The first, pioneering “Big Data” project for Alzheimer’s disease was announced on June 27 by a visionary new partnership that includes researchers at USC.
New research funding from the Alzheimer’s Association and the Brin Wojcicki Foundation will enable scientists to obtain whole genome sequences on the largest cohort of individuals related to a single disease — more than 800 people enrolled in the Alzheimer’s Disease Neuroimaging Initiative (ADNI). The work is expected to generate at least 165 terabytes of new genetic data.
A USC research team led by Lon Schneider, professor of psychiatry, neurology and gerontology at the Keck School of Medicine of USC, is conducting a clinical trial to obtain whole genome sequences in support of the project.
The ADNI is a public-private research project led by the National Institutes of Health (NIH) with private sector support through the Wojcicki Foundation for the NIH. Launched in 2004, the ADNI’s public-private funding consortium includes pharmaceutical companies, science-related businesses and nonprofit organizations including the Alzheimer’s Association and the Northern California Institute for Research and Education.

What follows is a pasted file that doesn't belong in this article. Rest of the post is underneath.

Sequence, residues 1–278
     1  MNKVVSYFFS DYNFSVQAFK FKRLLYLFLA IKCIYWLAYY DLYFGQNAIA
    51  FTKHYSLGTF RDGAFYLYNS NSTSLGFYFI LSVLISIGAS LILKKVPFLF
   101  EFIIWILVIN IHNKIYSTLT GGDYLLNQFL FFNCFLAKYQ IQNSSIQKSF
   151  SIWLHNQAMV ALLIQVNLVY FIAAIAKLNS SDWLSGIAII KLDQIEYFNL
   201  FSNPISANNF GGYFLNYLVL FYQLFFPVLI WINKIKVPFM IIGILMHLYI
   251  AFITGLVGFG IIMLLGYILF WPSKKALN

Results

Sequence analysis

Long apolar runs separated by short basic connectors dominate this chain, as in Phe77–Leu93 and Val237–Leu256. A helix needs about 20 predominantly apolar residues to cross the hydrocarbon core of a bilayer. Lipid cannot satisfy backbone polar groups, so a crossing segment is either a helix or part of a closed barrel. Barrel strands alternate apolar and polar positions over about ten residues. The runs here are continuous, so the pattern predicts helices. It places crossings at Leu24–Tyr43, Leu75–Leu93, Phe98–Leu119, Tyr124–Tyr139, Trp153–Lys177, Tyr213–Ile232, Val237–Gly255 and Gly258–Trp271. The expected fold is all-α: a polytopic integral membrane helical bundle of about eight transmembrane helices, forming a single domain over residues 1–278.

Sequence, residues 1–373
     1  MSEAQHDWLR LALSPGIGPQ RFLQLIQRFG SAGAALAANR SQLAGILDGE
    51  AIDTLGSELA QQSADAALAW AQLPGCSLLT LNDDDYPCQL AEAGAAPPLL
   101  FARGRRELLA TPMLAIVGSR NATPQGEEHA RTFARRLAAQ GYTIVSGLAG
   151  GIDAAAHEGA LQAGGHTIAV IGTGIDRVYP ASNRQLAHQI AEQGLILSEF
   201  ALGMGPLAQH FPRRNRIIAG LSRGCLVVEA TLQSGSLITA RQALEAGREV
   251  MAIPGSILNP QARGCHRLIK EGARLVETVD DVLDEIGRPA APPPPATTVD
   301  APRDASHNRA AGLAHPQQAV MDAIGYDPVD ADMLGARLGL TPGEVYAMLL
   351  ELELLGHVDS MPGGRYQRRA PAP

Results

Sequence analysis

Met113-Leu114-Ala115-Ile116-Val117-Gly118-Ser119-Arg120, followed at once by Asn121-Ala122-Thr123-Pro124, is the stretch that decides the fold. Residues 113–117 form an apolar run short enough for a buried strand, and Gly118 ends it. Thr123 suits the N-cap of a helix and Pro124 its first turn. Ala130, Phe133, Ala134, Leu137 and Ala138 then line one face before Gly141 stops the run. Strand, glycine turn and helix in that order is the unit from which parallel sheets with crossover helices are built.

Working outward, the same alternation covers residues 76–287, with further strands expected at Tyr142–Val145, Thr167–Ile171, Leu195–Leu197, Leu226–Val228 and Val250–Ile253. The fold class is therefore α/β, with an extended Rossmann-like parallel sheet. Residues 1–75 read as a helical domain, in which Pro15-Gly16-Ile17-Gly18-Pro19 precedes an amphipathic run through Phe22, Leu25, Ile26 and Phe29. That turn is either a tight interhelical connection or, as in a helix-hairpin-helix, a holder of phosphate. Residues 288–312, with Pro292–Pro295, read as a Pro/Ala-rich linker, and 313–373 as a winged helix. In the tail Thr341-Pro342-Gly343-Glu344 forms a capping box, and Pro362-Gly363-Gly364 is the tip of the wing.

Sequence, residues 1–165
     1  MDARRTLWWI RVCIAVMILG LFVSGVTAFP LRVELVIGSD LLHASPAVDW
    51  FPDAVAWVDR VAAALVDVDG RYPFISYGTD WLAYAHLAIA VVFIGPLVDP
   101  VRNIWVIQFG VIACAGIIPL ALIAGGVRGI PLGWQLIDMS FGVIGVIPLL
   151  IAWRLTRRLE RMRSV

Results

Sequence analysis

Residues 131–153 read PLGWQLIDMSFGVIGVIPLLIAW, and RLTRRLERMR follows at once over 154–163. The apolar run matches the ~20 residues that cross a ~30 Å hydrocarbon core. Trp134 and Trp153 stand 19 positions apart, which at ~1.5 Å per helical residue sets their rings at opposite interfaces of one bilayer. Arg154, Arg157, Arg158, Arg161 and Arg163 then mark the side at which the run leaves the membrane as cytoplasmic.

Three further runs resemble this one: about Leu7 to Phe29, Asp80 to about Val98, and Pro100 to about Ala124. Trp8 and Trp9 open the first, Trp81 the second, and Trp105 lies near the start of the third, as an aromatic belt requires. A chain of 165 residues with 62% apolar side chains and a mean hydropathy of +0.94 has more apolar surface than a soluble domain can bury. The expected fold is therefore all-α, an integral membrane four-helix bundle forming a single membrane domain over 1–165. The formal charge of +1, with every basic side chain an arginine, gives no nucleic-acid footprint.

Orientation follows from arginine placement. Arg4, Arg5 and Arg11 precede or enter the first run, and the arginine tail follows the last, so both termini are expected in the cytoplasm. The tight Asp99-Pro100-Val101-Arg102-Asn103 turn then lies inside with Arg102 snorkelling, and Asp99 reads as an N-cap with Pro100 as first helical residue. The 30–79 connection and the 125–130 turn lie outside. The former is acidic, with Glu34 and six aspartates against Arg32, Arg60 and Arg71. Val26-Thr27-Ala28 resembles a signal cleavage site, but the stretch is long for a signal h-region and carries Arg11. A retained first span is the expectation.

This new project is a significant extension of the ADNI, whose research participants will have their genomes sequenced to establish this unprecedented database. The ADNI enrolls people with Alzheimer’s disease, mild cognitive impairment and normal cognition who have agreed to be studied in great detail over time. The goal is to identify and understand markers of the disease in body fluids, structural changes in the brain and measures of memory; the hope is to improve early diagnosis and accelerate the discovery of new treatments.
Whole genome sequencing determines all 6 billion letters in an individual’s DNA in one comprehensive analysis. Once the sequences are completed — roughly 16 weeks after the sequencing project starts — the raw data will rapidly be made available to qualified scientists around the world to mine for novel targets for risk assessment, new therapies and much-needed insight into the causes of the devastating brain disease.
The team led by Schneider at USC is now seeking participants. To join the study, call (323) 442-5775.